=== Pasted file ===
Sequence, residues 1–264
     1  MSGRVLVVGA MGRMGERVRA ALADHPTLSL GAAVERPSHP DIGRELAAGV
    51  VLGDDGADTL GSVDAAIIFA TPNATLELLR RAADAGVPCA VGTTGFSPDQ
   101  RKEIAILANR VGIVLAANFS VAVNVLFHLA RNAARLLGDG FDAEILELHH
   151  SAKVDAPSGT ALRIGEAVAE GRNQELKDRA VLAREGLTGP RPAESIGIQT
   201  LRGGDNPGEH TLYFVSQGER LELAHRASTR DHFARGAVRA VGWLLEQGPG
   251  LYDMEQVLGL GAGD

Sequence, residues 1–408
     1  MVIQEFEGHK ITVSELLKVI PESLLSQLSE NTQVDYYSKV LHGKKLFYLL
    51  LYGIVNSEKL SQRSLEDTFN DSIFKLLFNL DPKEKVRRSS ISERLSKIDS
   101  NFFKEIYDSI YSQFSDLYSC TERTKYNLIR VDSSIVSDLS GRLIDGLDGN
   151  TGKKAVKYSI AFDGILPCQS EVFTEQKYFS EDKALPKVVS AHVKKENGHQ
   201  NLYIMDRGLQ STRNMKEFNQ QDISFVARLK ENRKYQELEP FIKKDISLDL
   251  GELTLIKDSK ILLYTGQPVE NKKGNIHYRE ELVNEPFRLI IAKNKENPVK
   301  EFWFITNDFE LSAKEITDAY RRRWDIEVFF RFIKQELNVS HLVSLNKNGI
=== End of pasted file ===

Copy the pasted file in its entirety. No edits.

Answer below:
Sequence, residues 1–264
     1  MSGRVLVVGA MGRMGERVRA ALADHPTLSL GAAVERPSHP DIGRELAAGV
    51  VLGDDGADTL GSVDAAIIFA TPNATLELLR RAADAGVPCA VGTTGFSPDQ
   101  RKEIAILANR VGIVLAANFS VAVNVLFHLA RNAARLLGDG FDAEILELHH
   151  SAKVDAPSGT ALRIGEAVAE GRNQELKDRA VLAREGLTGP RPAESIGIQT
   201  LRGGDNPGEH TLYFVSQGER LELAHRASTR DHFARGAVRA VGWLLEQGPG
   251  LYDMEQVLGL GAGD

Sequence, residues 1–408
     1  MVIQEFEGHK ITVSELLKVI PESLLSQLSE NTQVDYYSKV LHGKKLFYLL
    51  LYGIVNSEKL SQRSLEDTFN DSIFKLLFNL DPKEKVRRSS ISERLSKIDS
   101  NFFKEIYDSI YSQFSDLYSC TERTKYNLIR VDSSIVSDLS GRLIDGLDGN
   151  TGKKAVKYSI AFDGILPCQS EVFTEQKYFS EDKALPKVVS AHVKKENGHQ
   201  NLYIMDRGLQ STRNMKEFNQ QDISFVARLK ENRKYQELEP FIKKDISLDL
   251  GELTLIKDSK ILLYTGQPVE NKKGNIHYRE ELVNEPFRLI IAKNKENPVK
   301  EFWFITNDFE LSAKEITDAY RRRWDIEVFF RFIKQELNVS HLVSLNKNGI